Date: 11 August 2019 - 17 August 2019
Venue: Maly Rynek.
Website: http://www.biurofestiwalowe.pl

Cracow Christmas Festival

A sprinkling of snow and Rynek Glowny’s Gothic architecture provide the perfect backdrop to Christmas celebrations in Cracow. A market selling anything from local crafts to mulled wine attracts thousands of visitors every year. There is also a competition to find the best nativity scenes in the city.

Date: 29 November 2019 - 07 January 2020
Venue: Rynek Glowny.
Cost:

Free.


New Year's Concert

One of Europe’s largest New Year celebrations, hundreds of thousands revellers gather in Cracow’s Main Market Square on the last evening of the year. Tourists and locals brave the bitter weather for a special programme of music and firework displays.

Date: 31 December 2019 - 01 January 2020
Venue: Rynek Glowny.
Cost:

Free.


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Palac Bonerowski

In the 16th century, Palac Bonerowski was the opulent abode of a wealthy, aristocratic family called the Boners (no chuckling at the back). Today the former royal residence is one of the finest, most lovingly restored hotels in Cracow. Located directly opposite the Main Market Square, Palac Bonerowski sits within a UNESCO World Heritage site and has some of the best views in town. Inside, the elegant rooms are still fit for royalty, and there are period features aplenty.

Hotel Polski

This slice of local history has been operating as an inn since 1815, making it one of the oldest hotels in Cracow. Modern amenities aside, guests could be forgiven for thinking they've stepped back in time; the hotel retains its decadent, 19th-century charm with beautiful antique furniture and period features. Add to that the stunning, Old Town location and exemplary service and you have to surmise this hotel will be good for another 200 years.

The Secret Garden Hostel

The Secret Garden Hostel covers all bases, offering guests a choice of dorm rooms, luxury doubles and apartments within staggering distance of the lively Jewish quarter, Kazimierz. Private rooms are simple and contemporary with wrought-iron furnishings, colourful walls and vibrant bed spreads making for a clean and comfortable stay. The staff are friendly and knowledgeable and, although the buffet breakfast is a fairly basic, DIY affair, you really can't grumble for the price.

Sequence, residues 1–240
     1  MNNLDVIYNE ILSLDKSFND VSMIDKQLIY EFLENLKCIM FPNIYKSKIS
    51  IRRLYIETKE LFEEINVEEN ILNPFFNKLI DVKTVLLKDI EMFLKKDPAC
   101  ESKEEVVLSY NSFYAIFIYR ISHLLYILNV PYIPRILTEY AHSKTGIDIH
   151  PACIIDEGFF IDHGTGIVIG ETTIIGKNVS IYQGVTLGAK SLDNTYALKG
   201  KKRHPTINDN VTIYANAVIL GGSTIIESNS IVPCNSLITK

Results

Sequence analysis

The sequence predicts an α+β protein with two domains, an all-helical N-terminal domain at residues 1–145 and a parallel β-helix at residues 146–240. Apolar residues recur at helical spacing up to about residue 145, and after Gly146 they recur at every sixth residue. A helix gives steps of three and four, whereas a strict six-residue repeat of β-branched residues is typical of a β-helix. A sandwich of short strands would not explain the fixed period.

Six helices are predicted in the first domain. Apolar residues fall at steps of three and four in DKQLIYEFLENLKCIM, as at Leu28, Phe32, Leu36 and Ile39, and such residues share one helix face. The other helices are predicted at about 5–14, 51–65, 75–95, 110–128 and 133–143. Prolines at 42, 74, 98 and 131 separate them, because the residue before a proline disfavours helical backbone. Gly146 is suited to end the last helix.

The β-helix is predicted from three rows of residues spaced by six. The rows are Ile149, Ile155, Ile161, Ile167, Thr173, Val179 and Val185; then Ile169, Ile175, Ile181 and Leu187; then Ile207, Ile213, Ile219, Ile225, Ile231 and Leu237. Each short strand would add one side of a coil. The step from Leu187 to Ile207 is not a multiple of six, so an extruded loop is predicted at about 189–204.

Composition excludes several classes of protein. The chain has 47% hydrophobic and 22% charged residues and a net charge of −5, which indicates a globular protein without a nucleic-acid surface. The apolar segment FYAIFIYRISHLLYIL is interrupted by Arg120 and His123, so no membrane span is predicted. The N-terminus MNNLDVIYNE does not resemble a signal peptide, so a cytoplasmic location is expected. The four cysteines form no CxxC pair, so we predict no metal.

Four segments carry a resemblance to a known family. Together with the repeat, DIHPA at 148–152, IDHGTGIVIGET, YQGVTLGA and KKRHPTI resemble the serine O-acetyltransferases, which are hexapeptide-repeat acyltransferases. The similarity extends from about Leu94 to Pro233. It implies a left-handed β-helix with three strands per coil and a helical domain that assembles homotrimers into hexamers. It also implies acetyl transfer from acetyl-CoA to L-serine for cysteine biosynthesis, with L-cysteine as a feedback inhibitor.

Hotel Amadeus

Located within the labyrinth of Santa Cruz, Hotel Amadeus is set in a classically-furnished, 18th-century manor house and has music as a theme. Several instruments, including a grand piano, are available for use by guests. Rooms are small but attractively furnished, with antique furniture and original patterned tile flooring. The hotel's rooftop terrace opens up to a panorama of Seville’s historic centre and is an excellent spot to enjoy breakfast.

Hotel Copernicus

Situated on the oldest and most picturesque street in Cracow, Hotel Copernicus is arguably the finest address in town. Stepping into the beautiful atrium courtyard, it is obvious that nothing has been left to chance here, and the staff are particularly attentive to detail. The hotel successfully blends period features with modern comfort, and the 29 rooms and suites are gorgeous, with elegant dark furniture, wooden floors, reproductions of period frescos on the walls, clever lighting and delicate fabrics throughout. The rooftop terrace, which boasts spectacular views of Wawel, and the swimming pool, which is accommodated in a medieval vaulted brick cellar, add to the allure.

Hotel Pugetow

Part of the boutique Donimirski hotel chain, Hotel Pugetow stands shoulder-to-shoulder with a 19th-century, neo-Renaissance palace of the same name. The rooms and suites have individual names (Joseph Conrad, Bonaparte, etc) and identities. Extras include embroidered bathrobes, black-marble baths and a fabulous, silver-service cellar restaurant. If you can afford it, try the Kwiatkowski, an apartment featuring oil paintings, bone china and soft, cream fabrics.